The Centre Pompidou celebrates its 40th anniversary!
Read an interview of Serge Lasvignes, President of the Centre Pompidou, on the occasion of its 40th anniversary.
Why celebrate this 40th anniversary: what is its significance?
40 is the age of mastery and action: a splendid age, because it means being truly open to what is going on, and being able to share the experience and strength acquired. The Centre Pompidou has built up one of the largest collections of modern and contemporary art in the world, presented 325 exhibitions, and organised performances, conferences, debates and festivals. With this anniversary, I was not aiming for a self-celebration, but to make it a decentralised event – a festival of artistic creation throughout France, with all the institutions that are our friends and share our ambitions, and make up France’s extraordinarily precious cultural network. This shared anniversary is a way of reaching out, not only to those who have always loved and helped the Centre Pompidou, but to new audiences as well.
What are some of the iconic projects of this "decentralised" anniversary?
The originality of the Centre Pompidou’s 40th anniversary lies in the wide range of events presented to the public throughout France, in partnership with museums, art centres, festivals and performance halls. There is something for everyone: the visual arts, architecture, design, dance, contemporary music, theatre and performance. Audiences have plenty to choose from!
The spirit of the 40th anniversary is to encourage people to discover or rediscover the wealth and diversity of the Centre Pompidou collections and the many different facets of art today, through collaborations with regional cultural institutions. For example, the Musée des Beaux-Arts in Rennes wanted to exhibit Belgian video artist David Claerbout’s installation “Bordeaux Piece”, a 13-hour work that has never been shown in France. Other exhibitions based on the collection will take a fresh look at various periods in art history: post-war abstraction in Paris (“Le geste et la matière” at the Fondation Clément in Martinique); megastructures – an architectural concept illustrated by the architecture of the Centre Pompidou, designed by Richard Rogers and Renzo Piano (“Mégastructures” at the Lieu Unique in Nantes); the Colourists, a movement little-known to most people, halfway between design and architecture, of which the Centre Pompidou has a large collection (“Eloge de la couleur” at La Piscine in Roubaix), and the perception of colour in ceramics (“L’expérience de la couleur” at the Cité de la Céramique in Sèvres). This program will activate France’s artistic network in every region, from the Eli Lotar retrospective at the Jeu de Paume to the one dedicated to Claude Closky at the Centre des Livres d’Artistes in Saint-Yrieix-la-Perche. Lastly, with performing arts, the anniversary focuses on the historic links with various locations and the support given to artists. For example, the choreographer Alain Buffard, who is no longer with us, was supported throughout his career by the Centre Pompidou, Les Subsistances in Lyon and the Théâtre de Nîmes. 2017 will therefore be an opportunity to revive one of his creations in partnership with these two institutions. Fanny de Chaillé, who works with theatre, dance and performance alike, is presenting her third creation at the Centre Pompidou, and in Bordeaux, Montpellier and Toulouse. It’s also important to use the anniversary as an occasion to write new chapters of history, and forge relationships with emerging artists, like the dancers and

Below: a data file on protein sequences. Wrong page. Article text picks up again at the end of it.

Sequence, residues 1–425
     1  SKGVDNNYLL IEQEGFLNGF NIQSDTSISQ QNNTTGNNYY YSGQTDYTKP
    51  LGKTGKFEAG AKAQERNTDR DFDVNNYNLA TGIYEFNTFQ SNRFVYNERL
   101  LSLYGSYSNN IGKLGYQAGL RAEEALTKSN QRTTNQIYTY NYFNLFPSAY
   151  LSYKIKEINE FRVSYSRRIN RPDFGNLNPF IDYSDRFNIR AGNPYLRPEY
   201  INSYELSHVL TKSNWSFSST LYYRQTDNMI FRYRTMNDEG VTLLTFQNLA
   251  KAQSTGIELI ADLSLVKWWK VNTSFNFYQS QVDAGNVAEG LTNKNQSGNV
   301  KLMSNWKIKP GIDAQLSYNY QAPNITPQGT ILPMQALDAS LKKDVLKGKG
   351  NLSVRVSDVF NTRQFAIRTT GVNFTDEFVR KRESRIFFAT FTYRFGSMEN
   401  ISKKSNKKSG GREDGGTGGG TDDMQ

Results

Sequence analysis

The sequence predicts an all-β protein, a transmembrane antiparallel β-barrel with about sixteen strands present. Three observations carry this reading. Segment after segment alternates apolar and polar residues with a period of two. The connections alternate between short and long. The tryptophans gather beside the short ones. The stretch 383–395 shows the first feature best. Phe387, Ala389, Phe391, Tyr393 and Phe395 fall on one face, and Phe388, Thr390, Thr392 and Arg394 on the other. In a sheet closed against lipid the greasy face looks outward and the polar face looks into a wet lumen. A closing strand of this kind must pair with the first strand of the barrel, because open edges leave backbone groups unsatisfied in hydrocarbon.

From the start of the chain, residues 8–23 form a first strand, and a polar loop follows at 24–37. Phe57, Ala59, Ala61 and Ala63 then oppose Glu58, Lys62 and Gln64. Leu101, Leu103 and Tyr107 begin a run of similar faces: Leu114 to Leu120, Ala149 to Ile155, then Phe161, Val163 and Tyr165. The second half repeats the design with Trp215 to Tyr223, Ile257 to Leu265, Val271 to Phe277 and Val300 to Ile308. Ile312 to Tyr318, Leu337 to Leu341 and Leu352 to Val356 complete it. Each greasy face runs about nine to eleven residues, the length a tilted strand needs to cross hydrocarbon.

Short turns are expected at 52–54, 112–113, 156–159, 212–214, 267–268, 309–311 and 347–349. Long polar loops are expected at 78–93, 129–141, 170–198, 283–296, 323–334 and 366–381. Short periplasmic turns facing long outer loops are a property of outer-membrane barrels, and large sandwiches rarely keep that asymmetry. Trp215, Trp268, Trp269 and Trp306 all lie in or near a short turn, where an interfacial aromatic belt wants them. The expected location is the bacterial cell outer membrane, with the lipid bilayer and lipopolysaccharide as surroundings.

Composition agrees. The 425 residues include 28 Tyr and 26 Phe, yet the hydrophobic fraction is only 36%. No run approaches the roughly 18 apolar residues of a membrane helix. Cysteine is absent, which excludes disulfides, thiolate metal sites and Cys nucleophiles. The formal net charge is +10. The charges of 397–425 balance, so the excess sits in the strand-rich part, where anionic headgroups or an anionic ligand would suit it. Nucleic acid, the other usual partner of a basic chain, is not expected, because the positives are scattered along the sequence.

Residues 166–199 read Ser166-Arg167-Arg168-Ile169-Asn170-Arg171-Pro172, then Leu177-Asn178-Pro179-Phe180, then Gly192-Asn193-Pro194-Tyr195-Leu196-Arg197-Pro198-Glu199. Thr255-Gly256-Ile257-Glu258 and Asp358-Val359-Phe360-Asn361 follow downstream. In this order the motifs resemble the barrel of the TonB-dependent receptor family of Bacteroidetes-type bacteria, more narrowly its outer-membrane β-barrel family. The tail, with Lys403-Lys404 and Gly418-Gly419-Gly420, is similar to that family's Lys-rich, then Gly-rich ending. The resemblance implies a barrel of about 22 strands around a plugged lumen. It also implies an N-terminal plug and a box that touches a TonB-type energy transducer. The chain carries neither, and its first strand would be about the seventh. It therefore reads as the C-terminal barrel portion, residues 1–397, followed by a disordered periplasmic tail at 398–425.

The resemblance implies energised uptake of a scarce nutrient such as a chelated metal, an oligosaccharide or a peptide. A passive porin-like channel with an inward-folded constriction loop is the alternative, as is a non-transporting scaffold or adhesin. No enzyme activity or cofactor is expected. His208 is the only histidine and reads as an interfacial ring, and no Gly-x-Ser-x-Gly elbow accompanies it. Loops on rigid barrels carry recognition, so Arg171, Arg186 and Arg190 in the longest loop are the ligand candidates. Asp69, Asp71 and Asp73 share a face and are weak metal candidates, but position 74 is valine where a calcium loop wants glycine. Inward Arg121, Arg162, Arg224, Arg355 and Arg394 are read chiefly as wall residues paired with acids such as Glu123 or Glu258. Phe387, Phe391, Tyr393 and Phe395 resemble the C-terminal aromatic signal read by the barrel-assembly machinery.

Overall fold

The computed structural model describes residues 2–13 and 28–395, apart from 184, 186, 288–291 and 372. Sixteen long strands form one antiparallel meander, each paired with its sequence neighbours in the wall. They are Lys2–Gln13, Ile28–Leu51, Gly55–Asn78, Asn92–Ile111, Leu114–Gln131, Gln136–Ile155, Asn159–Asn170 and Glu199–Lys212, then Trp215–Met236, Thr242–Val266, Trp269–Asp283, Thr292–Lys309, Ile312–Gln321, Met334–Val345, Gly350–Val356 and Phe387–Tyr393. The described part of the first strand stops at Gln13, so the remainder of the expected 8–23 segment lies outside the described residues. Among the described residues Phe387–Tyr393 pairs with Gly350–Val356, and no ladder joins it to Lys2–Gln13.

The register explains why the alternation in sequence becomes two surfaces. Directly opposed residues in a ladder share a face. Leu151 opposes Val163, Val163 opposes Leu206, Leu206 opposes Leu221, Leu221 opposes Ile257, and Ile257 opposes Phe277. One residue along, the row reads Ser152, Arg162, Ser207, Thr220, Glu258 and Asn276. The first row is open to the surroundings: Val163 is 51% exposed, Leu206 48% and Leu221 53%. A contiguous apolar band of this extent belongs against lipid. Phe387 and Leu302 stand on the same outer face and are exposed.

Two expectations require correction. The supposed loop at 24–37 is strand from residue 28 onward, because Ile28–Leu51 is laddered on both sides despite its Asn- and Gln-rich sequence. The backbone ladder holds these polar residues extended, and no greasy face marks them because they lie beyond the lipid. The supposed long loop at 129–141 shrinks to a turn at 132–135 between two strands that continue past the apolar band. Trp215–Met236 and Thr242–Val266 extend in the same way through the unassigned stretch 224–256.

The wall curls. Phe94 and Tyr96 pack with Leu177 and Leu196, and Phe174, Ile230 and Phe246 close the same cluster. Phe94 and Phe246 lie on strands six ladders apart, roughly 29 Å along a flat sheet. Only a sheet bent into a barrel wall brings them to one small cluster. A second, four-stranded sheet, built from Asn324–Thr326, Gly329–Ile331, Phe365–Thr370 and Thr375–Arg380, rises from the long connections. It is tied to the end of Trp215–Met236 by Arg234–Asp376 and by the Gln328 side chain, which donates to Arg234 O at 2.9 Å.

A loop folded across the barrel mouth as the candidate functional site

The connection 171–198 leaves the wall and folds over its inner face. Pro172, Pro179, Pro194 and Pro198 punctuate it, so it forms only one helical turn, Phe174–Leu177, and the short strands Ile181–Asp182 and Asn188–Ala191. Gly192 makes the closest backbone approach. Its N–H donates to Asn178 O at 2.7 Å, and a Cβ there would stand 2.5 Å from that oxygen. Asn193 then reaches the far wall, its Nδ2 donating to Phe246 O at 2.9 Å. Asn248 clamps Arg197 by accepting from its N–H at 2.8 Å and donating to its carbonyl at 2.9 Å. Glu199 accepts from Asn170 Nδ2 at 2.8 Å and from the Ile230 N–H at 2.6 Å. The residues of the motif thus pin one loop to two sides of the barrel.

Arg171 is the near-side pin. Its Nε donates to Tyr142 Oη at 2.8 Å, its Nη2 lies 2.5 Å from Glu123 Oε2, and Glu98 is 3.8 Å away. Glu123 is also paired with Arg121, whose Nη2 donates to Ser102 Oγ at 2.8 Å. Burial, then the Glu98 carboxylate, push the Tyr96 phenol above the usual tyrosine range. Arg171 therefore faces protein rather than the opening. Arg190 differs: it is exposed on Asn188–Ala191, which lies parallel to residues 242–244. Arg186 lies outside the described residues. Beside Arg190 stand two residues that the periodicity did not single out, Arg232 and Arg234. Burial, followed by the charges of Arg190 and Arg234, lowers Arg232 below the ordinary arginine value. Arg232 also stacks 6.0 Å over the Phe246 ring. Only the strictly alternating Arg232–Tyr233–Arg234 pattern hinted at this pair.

choreographers I-Fang Lin and Volmir Cordeiro.
And in 40 years' time, how do you see the Centre Pompidou developing - what are the challenges awaiting it?
Forty years is too far ahead. We need to meet the challenges here and now, and be able to grasp new forms of modernity. It’s a polycentric world, where we need to explore the new art scenes that are developing, and play our part as well. There are new creative approaches, building endless bridges between art, science and technology. Audiences presented with a many-faceted offer have new expectations, and now seek a more individualised, participatory relationship. We have a burning obligation to move closer to the “other public” – people who do not come spontaneously, who are intimidated by contemporary art. And more generally, we must try not to lose any of the Centre Pompidou’s originality or ability to surprise and move people, while giving them keys to understanding art, an dialoguing with audiences so that we can write the history of modernity together. Lastly, the Centre needs to remain a subtle sensor of an art in a constant state of reinvention, with all its visual, musical and choreographic aspects.
This interview was realized in French by the Centre Pompidou and posted on the website created on the occasion of its 40th anniversary.
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